LARISSA: Larsen Ice Shelf System, Antarctica is a National Science Foundation funded initiative that brings an international, interdisciplinary team together to address a significant regional problem with global change implications, the abrupt environmental change in Antarctica's Larsen Ice Shelf System.
The LARISSA Project represents an Earth Systems approach to describe and understand the basic physical and geological processes active in the Larsen embayment that a) contributed to the present phase of massive, rapid environmental change; b) are participating in that change as part of the coupled climate-ocean-ice system; and c) are fundamentally altered by these changes. This requires a comprehensive, interdisciplinary approach that includes geological, glaciological, oceanographic, and biological data, all needed to fully characterize the major linkages and interactions between different parts of the system.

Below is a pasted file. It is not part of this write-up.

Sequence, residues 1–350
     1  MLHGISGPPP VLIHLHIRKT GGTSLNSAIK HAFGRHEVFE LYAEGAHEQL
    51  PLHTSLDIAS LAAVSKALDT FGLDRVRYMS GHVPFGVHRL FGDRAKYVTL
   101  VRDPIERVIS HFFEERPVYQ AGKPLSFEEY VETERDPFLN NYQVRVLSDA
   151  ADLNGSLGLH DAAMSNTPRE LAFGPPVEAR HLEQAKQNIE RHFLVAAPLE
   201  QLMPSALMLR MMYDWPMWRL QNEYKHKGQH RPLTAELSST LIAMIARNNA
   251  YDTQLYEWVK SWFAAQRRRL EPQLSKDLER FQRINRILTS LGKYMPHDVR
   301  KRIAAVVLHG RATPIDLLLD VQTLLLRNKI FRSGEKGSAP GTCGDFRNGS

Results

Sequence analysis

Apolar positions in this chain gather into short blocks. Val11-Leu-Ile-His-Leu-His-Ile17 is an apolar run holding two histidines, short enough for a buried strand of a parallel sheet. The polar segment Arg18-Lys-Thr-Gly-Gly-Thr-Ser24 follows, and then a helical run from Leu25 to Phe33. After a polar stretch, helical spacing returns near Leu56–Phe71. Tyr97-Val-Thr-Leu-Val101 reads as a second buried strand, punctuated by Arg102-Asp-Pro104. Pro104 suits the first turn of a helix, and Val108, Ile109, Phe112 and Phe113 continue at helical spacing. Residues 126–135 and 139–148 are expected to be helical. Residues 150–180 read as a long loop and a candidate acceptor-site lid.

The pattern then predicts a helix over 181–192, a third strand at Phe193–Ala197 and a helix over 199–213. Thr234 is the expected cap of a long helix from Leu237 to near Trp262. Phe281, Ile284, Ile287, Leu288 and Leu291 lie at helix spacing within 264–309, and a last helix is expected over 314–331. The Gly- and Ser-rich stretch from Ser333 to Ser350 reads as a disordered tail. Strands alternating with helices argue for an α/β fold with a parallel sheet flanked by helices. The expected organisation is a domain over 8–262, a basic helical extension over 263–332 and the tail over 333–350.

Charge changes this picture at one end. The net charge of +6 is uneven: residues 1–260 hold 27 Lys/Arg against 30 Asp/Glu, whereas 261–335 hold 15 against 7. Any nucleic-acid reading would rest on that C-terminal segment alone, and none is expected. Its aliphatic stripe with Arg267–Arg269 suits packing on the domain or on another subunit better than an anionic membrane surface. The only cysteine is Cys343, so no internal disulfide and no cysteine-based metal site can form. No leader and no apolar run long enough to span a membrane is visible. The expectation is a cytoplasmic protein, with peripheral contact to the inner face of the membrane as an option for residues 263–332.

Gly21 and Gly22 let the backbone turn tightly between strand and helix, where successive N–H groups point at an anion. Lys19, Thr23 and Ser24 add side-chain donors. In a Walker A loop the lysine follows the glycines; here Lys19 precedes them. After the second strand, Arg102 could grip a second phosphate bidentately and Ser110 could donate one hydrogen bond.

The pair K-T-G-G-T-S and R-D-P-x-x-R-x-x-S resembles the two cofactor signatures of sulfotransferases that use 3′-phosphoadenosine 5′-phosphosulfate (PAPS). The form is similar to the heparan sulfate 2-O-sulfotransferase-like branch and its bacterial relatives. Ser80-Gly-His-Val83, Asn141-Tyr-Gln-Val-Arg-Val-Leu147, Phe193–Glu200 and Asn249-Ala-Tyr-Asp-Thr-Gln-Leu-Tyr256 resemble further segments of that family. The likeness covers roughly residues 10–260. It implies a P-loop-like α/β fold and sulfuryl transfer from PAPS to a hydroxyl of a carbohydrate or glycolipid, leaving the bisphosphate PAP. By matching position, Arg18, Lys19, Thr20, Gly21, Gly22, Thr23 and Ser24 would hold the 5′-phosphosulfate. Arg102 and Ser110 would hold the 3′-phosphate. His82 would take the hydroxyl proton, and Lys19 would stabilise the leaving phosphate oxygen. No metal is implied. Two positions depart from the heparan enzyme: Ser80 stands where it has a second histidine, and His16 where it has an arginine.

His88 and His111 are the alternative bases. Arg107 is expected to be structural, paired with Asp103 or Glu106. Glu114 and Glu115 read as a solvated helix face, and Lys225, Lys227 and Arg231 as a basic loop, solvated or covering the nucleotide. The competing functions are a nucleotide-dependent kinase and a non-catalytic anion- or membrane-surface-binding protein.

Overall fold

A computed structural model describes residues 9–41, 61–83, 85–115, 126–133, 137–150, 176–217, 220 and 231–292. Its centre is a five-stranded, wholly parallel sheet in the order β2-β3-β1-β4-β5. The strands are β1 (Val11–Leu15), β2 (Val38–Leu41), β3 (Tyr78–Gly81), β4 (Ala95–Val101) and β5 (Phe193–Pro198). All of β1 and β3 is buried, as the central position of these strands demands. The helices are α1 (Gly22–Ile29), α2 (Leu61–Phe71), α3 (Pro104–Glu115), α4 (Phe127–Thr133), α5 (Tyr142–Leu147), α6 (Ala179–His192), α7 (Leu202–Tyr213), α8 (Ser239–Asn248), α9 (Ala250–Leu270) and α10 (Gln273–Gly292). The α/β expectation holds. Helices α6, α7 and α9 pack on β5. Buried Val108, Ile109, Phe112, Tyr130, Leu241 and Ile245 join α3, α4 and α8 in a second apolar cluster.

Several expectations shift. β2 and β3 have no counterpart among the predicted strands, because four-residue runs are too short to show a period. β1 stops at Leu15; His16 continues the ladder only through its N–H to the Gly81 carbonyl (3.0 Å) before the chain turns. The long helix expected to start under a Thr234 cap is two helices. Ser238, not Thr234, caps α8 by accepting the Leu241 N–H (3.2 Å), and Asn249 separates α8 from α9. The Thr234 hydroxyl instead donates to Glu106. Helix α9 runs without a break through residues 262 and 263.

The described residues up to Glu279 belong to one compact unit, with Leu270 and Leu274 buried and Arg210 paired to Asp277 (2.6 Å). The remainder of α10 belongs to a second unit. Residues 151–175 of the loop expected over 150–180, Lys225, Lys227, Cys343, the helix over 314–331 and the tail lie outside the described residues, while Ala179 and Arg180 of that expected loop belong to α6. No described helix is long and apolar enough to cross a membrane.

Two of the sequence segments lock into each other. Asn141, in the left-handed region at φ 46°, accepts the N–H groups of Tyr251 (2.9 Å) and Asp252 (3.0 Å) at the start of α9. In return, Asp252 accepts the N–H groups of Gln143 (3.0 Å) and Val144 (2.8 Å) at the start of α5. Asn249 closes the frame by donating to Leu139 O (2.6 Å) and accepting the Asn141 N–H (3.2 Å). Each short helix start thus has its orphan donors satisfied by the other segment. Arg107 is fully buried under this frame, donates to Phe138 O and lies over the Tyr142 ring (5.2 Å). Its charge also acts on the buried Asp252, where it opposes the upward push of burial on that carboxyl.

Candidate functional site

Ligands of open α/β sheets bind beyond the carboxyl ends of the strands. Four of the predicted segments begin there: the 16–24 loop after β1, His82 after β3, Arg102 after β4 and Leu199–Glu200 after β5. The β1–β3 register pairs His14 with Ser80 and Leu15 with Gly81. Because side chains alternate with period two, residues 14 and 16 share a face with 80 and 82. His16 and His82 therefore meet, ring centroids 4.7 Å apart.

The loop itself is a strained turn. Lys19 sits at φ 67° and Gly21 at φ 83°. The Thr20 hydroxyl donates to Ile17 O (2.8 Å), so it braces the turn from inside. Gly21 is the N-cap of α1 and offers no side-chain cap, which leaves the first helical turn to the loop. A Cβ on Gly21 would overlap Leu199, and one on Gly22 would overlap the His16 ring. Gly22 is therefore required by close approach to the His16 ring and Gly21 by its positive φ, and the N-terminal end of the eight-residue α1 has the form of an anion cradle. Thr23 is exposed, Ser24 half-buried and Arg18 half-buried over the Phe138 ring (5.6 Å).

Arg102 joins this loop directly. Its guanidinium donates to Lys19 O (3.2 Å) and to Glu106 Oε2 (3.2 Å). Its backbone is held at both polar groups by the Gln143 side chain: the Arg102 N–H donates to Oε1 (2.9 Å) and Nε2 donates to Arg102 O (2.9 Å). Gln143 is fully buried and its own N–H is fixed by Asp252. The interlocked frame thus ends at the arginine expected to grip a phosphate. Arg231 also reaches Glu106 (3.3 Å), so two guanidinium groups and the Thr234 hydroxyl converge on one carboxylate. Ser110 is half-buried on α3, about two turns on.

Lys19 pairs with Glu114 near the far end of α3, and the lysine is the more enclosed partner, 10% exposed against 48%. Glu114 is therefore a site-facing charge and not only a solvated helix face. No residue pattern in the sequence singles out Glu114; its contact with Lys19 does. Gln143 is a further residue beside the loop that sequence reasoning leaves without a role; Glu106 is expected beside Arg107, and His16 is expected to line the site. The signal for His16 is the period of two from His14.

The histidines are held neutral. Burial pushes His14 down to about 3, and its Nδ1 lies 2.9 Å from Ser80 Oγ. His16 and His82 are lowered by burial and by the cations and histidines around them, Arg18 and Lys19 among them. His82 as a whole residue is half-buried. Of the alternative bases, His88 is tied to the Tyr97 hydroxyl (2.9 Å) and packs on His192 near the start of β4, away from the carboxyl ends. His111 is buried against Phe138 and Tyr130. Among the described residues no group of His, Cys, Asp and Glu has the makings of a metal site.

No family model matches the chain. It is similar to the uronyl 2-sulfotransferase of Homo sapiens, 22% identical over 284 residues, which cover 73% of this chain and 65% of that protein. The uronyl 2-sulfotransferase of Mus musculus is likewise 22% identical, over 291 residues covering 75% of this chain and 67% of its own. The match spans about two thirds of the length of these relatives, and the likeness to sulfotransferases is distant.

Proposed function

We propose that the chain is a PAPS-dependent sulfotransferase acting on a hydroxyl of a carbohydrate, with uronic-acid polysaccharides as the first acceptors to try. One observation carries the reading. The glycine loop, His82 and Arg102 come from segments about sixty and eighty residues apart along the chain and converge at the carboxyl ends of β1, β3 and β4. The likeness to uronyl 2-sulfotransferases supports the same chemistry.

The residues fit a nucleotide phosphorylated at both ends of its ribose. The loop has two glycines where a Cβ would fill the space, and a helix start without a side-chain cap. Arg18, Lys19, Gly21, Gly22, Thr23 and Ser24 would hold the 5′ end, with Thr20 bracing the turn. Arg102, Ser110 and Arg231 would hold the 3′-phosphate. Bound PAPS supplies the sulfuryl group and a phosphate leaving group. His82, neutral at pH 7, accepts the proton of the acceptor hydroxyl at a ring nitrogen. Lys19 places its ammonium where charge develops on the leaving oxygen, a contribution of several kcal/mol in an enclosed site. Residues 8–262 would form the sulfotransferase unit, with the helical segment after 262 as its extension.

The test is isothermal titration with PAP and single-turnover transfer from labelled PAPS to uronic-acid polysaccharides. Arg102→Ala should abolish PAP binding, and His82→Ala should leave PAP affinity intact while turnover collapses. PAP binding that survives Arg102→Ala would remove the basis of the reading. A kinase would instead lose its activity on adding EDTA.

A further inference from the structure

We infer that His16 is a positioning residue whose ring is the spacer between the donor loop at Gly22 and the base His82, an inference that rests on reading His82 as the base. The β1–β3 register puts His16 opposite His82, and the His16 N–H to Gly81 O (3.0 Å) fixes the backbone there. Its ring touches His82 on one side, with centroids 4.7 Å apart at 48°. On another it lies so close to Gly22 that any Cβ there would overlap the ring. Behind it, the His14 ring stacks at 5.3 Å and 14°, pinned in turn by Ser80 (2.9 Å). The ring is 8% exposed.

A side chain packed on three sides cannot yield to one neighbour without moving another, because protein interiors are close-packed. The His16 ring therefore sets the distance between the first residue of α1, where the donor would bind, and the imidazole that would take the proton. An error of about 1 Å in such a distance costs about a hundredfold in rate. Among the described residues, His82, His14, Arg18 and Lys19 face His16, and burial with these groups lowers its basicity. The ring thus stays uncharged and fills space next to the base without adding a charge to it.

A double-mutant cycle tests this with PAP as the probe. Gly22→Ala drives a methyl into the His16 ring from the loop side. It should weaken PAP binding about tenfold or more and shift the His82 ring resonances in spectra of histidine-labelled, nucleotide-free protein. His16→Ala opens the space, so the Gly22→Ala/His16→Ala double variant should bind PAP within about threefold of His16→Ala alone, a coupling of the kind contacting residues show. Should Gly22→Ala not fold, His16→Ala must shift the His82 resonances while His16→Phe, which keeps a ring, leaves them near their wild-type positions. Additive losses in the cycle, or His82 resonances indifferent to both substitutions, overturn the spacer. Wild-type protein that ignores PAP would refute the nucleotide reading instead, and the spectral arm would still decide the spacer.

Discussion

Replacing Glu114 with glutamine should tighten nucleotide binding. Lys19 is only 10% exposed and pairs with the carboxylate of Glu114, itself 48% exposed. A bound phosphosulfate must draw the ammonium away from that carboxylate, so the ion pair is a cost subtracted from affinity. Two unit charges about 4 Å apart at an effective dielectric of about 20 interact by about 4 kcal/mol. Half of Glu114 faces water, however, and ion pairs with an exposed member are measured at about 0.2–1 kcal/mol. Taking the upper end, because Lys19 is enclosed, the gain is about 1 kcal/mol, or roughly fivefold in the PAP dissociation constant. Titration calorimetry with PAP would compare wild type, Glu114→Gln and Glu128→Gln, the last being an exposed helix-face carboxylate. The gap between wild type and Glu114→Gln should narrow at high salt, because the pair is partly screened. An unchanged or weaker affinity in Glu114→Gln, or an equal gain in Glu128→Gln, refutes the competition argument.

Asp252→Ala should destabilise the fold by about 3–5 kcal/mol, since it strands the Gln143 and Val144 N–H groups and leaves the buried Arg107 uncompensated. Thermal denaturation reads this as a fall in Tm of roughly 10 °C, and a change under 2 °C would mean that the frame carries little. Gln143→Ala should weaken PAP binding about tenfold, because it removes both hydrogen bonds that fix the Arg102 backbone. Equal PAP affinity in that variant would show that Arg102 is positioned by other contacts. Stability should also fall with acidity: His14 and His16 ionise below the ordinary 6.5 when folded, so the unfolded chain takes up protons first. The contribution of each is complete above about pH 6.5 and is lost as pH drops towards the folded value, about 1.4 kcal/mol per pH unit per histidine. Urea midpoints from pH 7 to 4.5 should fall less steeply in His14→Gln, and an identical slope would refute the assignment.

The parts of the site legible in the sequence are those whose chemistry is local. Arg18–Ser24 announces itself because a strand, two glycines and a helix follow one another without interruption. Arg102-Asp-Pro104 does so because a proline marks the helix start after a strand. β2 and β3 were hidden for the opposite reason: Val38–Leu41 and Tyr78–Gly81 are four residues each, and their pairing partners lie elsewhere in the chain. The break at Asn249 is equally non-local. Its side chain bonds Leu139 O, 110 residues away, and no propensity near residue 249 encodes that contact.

As part of this effort, three bedrock CGPS stations were installed along the western side of the Peninsula in April 2009 to measure post-glacial rebound to help reconstruct the detailed configuration of the northern Antarctic Peninsula Ice Sheet (APIS) during the Last Glacial Maximum (LGM) and subsequent retreat. Six more CGPS sites will be installed in early 2010 – three on bedrock on the east (Weddell Sea) side of the Peninsula, and three on outlet glaciers from the Bruce Plateau. The bedrock CGPS stations are also a part of the POLENET IPY project.
Figure 1 - CGPS station DUPT on Duthiers Point on the entrance to Paradise Harbor.
Figure 2 - Offloading the system from the R/V L.M. Gould for the Hugo Island installation.
Figure 3 - Offloading the system from the R/V L.M. Gould for the Hugo Island installation.
Figure 4 - Student Mason Fried and PI Eugene Domack finishing the Hugo Island installation.
Figure 5 - Mason Fred, Bjorn Johns, and Eugene Domack returning from the installation at the Ukranian Vernadsky Station.
Last modified: 2020-01-28 22:54:20 America/Denver